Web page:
I’m going to pull it from the two main tables we have. Pages, which is the high level information, and requests, which is every individual request for the page. I have to join those. First of all, I’m going to select pages just in the most recent runs, and I’m going to join the two tables. I’m only going to look at sites that are ranked in the top 20,000 worldwide, try to narrow it down and find some more popular sites that experience this problem.

That page has to contain a script that takes more than 10 seconds to load. The overall page is therefore going to be blocked from rendering for at least 10 seconds. I’m going to group it by page ID. Why did I go through all of this, a keynote with detailed SQL? Because all the code and data is downloadable, you can download this data and do the exact same analysis or other analyses if you want to.

I did this analysis, and guess what? I found some examples. Here is…I can’t read the website. This is Beta Brands. Top 20,000 website. It doesn’t render for 10 to 15 seconds. If we look, it’s because this request to a Facebook JavaScript file took 14 seconds to download. It was loaded synchronously. Script src equals blah. Not async, so it blocks the entire page from rendering.

Here’s another example. This is BigFollow. It’s interesting because it’s a way of attracting more Twitter followers, but for some reason, they’re loading +1 and Facebook. Both of those took over 20 seconds to download, so it blocked the page from rendering. I don’t know. Maybe +1 and Facebook knew about that, and they’re trying to mess with BigFollow.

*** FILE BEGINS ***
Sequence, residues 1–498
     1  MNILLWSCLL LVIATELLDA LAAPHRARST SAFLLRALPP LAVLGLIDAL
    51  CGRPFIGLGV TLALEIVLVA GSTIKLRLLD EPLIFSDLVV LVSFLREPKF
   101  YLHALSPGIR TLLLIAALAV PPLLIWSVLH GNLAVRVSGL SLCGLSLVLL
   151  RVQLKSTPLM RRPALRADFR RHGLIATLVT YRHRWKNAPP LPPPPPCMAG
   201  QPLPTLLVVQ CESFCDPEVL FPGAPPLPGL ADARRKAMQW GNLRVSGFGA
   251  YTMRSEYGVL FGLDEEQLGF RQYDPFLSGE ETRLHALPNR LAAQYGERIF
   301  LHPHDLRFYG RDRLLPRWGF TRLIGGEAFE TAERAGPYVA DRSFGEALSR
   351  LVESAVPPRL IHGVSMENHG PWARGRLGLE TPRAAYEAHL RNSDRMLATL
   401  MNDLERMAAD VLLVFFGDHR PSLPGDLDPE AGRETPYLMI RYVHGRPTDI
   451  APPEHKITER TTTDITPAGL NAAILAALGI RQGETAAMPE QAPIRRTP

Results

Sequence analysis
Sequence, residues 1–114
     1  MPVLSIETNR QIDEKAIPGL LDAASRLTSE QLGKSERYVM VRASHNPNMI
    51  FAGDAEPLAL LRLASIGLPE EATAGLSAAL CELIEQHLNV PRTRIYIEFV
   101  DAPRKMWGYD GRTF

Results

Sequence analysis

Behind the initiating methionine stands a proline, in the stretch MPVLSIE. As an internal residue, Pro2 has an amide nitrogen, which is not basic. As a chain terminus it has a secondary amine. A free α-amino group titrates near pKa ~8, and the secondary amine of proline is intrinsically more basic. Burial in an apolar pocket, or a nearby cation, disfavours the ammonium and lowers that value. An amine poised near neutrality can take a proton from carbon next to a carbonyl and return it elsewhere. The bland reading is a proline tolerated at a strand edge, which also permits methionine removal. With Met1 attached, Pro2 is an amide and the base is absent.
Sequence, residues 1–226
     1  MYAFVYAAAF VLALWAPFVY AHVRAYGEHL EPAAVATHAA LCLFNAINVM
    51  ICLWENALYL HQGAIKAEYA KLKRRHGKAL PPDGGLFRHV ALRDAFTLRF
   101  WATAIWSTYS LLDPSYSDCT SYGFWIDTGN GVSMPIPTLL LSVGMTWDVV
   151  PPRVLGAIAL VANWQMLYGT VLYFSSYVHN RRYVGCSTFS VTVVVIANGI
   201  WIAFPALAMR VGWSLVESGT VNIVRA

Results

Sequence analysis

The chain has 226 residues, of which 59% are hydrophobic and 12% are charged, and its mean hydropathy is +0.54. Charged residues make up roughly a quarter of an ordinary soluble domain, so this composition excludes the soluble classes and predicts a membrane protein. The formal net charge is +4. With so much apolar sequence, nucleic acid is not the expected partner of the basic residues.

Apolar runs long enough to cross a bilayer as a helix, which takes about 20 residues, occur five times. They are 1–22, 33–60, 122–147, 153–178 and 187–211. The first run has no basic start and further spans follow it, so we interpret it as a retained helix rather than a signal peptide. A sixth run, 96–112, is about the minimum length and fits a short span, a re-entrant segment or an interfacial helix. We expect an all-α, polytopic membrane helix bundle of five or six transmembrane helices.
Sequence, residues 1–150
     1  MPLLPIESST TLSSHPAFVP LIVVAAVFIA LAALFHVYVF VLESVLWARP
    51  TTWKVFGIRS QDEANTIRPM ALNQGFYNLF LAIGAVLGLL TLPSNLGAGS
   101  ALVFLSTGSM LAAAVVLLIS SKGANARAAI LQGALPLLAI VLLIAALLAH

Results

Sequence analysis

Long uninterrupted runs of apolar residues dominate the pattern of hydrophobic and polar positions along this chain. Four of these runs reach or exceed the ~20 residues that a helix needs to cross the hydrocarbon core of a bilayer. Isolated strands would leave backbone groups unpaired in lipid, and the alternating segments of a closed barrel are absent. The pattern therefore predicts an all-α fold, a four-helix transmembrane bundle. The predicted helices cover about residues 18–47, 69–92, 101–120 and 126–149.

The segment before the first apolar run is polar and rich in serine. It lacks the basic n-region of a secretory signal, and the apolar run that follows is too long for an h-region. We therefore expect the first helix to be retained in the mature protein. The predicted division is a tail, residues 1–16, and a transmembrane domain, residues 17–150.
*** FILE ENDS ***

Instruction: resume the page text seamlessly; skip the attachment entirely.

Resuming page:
I don’t know why it took 20 seconds, but it did. It didn’t happen on every website, but it happened on about 0.1 percent of the websites in the crawl. Here’s another one loading something from Glam Media. They’re the world’s leader in curated social media. They are not the world’s leader on high-performance, third-party snippets.

[laughter]

Steve: Here’s another one that’s got everything in there. Facebook and some Google and some Twitter. For some reason, they all took 5 to 10 seconds to download, blocking the rendering in the page.

This is a problem. It does occur. Outages occur. Hiccups in the Internet occur. When that happens with third-party scripts that you’ve put into your page in a synchronous way, your site is going to go blank for your users. This has happened in the past. There are news articles about it. It happens every day, and it’s going to continue to happen.

This has been a cautionary tale of woe and foreboding, but it doesn’t have to be that way. There’s a sunny side to this picture. Unfortunately, we’re out of time, so…

[laughter]

Steve: If you want to hear the sunny side, you’ve got to come to my talk at 11:50. Between now and then, I want you to ask yourself a question. What’s your website’s weakest link? I wouldn’t be surprised if it’s on the front end. Thank you.

[applause]